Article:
Fascinating fungi along the trail.

Female Band-winged Dragonlet

Yellow Milkwort is native and found throughout most of the Florida peninsula. Interestingly, the only place in the world it grows is Florida.

Grass highlighted by the winter sun.

The long burrows, up to 40 feet wide and 10 feet deep, of the endangered Gopher Tortoise are home to over three dozen other animal species that use them for shelter from harsh weather and predators.

Anole displaying.

The winter light often highlights the Spanish Moss and creates deep shadows.

Yellow Jessamine is a common flowering vine in January and February.

A Spiny-backed Orb-weaver suspends over the trail.

Florida Baskettail.

Oak Toad, (Donna).

Eastern Racer, (Donna).

.

Lake Kissimmee SP is one place we will be returning to next year. With its long hiking trails and extensive areas to explore by canoe there is always a new adventure waiting.

.

Tiger Creek

Under a clear blue sky,

with the winter sun warming skin exposed to cool morning air,

paddles rhythmically break the still surface,

as the canoe glides with anticipation along a winding creek

wrapped in sage, bulrush and lily pads.

A solitary alligator swims slowly ahead

then slides below the surface and disappears

while not far away

herons, hawks, egrets, and eagles announce their presence.

 .

Thanks for stopping by.

.

.

A Thankful Reflection

The last day of 2017, what better time to stop for a moment and reflect back to the wonders of nature seen in central Ohio in the past year.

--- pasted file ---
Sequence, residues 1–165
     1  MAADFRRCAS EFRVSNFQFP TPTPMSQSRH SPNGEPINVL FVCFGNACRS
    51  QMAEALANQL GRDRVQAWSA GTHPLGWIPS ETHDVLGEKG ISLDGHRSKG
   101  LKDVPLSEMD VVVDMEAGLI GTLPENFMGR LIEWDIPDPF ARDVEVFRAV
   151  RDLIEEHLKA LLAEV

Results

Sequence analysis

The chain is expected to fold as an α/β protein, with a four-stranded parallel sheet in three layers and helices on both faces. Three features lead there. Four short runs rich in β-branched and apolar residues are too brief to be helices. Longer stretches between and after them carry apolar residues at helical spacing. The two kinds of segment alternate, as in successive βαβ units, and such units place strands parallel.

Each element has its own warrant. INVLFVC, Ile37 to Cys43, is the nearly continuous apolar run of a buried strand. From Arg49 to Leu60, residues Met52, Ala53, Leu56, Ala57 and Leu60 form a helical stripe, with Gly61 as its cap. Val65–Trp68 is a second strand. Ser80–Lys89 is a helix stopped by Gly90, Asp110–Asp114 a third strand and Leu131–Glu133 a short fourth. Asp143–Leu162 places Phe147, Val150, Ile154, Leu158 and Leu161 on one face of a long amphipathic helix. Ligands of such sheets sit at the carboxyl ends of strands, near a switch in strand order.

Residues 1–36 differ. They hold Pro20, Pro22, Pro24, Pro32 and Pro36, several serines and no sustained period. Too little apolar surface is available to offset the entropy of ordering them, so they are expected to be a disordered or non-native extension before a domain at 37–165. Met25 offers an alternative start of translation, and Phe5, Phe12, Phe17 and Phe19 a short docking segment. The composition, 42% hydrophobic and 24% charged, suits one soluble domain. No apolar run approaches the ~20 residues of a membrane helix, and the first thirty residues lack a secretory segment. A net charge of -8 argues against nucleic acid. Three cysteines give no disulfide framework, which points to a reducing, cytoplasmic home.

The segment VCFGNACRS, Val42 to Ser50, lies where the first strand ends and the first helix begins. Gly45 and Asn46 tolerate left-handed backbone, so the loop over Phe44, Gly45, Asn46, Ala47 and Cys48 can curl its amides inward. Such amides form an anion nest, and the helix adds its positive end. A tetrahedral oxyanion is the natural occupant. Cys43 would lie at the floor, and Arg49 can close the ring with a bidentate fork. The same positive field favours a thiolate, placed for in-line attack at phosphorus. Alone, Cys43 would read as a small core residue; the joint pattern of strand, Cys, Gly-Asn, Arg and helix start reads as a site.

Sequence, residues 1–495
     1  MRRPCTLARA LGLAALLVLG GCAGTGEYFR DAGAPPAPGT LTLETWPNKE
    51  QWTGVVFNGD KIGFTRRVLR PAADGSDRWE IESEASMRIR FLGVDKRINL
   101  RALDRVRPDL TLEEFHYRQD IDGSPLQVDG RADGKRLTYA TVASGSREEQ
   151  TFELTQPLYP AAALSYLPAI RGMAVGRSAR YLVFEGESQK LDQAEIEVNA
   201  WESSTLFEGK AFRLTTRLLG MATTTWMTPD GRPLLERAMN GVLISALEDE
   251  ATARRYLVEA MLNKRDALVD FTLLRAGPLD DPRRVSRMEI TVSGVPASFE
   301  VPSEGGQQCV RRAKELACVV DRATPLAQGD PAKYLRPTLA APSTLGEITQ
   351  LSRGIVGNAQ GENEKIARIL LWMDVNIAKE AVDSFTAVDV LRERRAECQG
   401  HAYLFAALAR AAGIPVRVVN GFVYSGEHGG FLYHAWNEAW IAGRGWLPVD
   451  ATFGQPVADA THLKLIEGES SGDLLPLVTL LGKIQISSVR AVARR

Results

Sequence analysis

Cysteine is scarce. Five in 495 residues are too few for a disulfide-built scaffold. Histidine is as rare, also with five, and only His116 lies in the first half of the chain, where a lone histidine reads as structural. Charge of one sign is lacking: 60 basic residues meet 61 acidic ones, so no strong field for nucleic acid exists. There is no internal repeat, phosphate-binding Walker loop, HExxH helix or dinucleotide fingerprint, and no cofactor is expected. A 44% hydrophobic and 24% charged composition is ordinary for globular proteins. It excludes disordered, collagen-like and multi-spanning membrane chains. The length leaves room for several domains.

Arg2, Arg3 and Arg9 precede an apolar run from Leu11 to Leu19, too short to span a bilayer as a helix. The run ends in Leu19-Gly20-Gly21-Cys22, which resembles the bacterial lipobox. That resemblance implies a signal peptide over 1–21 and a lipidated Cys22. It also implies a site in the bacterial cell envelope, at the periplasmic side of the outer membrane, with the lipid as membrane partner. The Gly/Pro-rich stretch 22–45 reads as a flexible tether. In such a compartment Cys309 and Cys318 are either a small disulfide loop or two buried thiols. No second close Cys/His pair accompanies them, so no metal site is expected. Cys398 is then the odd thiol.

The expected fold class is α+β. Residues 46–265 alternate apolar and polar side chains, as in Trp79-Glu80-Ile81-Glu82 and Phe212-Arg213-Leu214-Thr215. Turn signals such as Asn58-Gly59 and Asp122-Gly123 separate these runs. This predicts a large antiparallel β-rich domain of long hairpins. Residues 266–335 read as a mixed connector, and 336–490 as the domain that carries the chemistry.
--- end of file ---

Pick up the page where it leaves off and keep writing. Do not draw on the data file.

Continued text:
.

Griggs Reservoir.

Bald Eagle along the Scioto below Griggs Dam.

Yellow-rumped Warbler, Griggs Reservoir Park, (Donna).

Golden Crown Kinglet, Griggs Reservoir Park.

Along the Scioto River

Tufted Titmouse, (Donna).

November reflection, Prairie Oaks Metro Park.

Ruby-crowned Kinglet, Griggs Reservoir Park, (Donna).

Red-bellied Woodpecker

Covered Bridge, Mohican State Park.

The Big Darby, Prairie Oaks Metro Park

Buckeye, (Donna).

Monarch, (Donna).

Griggs Reservoir

Solitary leaf

Chicory

Design, (Donna).

Red-spotted Purple, (Donna).

Alum Creek Reservoir, (Donna).

Autumn color.

Black-crowned Night Heron, Griggs Reservoir.

Giant Swallowtail

Spicebush Swallowtail caterpillar.

Mink, Au Sable River MI, (Donna).

Au Sable River Smallmouth, MI, (Donna).

Devoe Lake, MI.

Cardinal Flowers, Rifle River Rec, Area, MI.

Turtlehead, Rifle River Rec. Area. MI.

Common Loons, Devoe Lake, MI, (Donna).

Meal time, Devoe lake, MI

Caspian Tern, Loud Pond, Au Sable River, MI.

Catbirds, Griggs Reservoir Park.

Griggs Reservoir waterfall.

Yellow-throated Warbler, Griggs Reservoir Park.

Common Checkered Skipper, (Donna).